It would seem that from the day of having only two or three channels to now having access to a hundred or more there would be no end to wholesome entertainment. Not all on TV deserves criticism of course, but when you have a police show in which there is an emphasis on family, faith and prayer it seems like a miracle. Surprisingly that is a show on CBS, one that has survived for nine years now and seems destined for more. Blue Bloods.
Frank (Tom Selleck) and his retired father Henry (Len Cariou) are the family mainstays and both are widowers. Danny (Donnie Wahlberg) and Detective Maria Baez (Marisa Ramierz) provide much of the action and times have almost dominated the show. Danny has an explosive personality that would prefer the old days when cops did not have to be so politically correct. Danny is a widower with two sons, he was married to Linda (Amy Carlson), a nurse who was killed offscreen between seasons 7 and 8.
Jamie (Will Estes) and his former partner Officer Edit “Eddie” Janko (Venessa Ray) have the most interesting relationship beginning season four. Episode after episode dropped hints that these two were made for each other. They became engaged in the last episode last year and this year is likely to have an episode centered on their marriage. Erin (Bridget Moynahan) as an ADA brings a different perspective about law compared to other members of the family and this leads to some very interesting and at times critical conflicts. Erin is divorced and has one college student daughter who lives with her.There are a number of characters connected with family members that a whole separate review could be written about.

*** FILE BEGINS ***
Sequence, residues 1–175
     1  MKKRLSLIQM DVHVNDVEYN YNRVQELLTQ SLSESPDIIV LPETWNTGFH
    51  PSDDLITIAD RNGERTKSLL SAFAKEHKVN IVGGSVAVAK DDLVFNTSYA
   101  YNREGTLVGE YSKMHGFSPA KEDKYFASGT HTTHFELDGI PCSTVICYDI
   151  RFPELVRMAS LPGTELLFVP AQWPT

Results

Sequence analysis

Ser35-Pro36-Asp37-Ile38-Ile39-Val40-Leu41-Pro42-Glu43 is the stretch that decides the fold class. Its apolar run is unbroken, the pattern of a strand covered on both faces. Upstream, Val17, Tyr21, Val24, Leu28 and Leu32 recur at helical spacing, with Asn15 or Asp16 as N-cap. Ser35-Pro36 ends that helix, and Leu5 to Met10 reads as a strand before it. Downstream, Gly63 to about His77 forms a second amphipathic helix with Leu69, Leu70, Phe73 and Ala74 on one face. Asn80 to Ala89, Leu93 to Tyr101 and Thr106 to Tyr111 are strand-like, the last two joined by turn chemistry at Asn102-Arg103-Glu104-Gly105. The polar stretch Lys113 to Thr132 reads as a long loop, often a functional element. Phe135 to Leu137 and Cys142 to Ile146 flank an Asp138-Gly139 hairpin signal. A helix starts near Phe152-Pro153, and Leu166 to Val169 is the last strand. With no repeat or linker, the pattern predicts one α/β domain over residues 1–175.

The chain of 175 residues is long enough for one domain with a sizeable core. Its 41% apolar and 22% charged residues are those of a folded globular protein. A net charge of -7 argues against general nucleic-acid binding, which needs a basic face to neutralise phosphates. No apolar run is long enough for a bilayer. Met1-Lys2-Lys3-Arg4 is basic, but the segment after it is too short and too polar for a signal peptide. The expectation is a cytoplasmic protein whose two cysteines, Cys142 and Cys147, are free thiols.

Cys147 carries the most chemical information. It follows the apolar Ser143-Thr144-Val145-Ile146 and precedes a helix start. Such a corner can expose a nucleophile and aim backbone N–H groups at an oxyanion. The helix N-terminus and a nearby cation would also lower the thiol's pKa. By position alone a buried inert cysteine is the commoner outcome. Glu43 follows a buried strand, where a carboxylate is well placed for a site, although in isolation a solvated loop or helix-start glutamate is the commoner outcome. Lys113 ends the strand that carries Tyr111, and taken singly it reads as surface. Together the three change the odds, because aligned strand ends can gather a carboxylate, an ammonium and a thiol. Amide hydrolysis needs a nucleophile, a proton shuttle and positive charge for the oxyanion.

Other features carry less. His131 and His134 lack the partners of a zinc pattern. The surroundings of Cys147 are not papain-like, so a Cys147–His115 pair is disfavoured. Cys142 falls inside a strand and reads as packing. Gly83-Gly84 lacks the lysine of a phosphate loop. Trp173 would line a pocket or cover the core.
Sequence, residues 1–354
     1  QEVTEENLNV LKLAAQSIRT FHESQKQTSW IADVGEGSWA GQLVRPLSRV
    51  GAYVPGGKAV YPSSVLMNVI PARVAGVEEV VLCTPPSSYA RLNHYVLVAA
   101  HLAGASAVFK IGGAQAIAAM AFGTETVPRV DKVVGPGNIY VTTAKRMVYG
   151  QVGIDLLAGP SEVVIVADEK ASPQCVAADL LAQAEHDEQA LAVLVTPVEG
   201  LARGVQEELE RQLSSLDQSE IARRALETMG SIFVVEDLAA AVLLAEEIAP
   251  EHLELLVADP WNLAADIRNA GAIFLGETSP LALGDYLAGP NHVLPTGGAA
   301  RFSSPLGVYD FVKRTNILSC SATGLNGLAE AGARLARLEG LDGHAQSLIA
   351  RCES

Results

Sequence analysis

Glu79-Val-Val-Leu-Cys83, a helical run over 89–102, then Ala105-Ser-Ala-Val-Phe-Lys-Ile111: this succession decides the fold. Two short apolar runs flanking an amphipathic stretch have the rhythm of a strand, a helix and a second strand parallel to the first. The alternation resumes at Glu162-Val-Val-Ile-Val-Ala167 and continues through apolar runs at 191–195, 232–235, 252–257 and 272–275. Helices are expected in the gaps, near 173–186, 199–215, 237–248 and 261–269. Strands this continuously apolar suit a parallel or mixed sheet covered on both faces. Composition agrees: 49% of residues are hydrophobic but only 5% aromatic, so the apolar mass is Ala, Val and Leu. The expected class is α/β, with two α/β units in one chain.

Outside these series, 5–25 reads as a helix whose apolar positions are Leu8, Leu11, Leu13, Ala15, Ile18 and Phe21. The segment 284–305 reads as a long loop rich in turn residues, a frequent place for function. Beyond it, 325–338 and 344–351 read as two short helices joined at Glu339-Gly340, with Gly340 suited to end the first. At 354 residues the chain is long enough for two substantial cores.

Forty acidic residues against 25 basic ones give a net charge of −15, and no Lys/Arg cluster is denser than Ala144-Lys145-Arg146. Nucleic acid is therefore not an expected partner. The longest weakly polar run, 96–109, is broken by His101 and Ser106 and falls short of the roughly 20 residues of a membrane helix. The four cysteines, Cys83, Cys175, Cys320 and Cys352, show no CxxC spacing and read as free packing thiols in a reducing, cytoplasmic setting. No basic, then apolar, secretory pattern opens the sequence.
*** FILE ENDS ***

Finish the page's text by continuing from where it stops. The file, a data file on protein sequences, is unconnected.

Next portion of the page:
In each episode there are usually three or four different stories that sometimes will connect. However, make no mistake about it, no matter the situation or disagreement this is about family. Frank and to a certain extent Henry, are the patriarchs the others look to for advice and encouragement. Tom Selleck’s role as Frank is the central figure in that every Sunday he presides over a family dinner that all family members get to after they have attended church. The Sunday dinners are a high point when free discussion reigns and problems are shared. One is reminded of the charm we enjoyed on The Waltonsduring family dinners. Church dedication is very evident in every story as is prayer. This indeed is rare in television today.
The major issues of the day are dealt with including communities united against the efforts of the police to keep the city safe, gang violence and the threat of terrorism. Members of the family often find themselves dealing with situations involving clashes between ethnic, racial and fanatical religious zealots. It is fascinating to see the show deal with issues that its network like other mainstream networks tend to ignore in their news departments. You especially have to love the clashes Frank Reagan has with mayors and the governor who resemble what we have in New York today.
It is also notable that the family name is Reagan, as Danny has to tell people “It’s Reagan like President Reagan.” Honor is important in this show and there are important moral issues in almost every episode. It must be stressed that what especially holds the family together, and the show as well, is love. This reviewer prays that this love will keep the show going for another decade. If you are just now catching the show, there are plenty of episodes being run in syndication on various channels for you to enjoy. DVDs are also available on Amazon.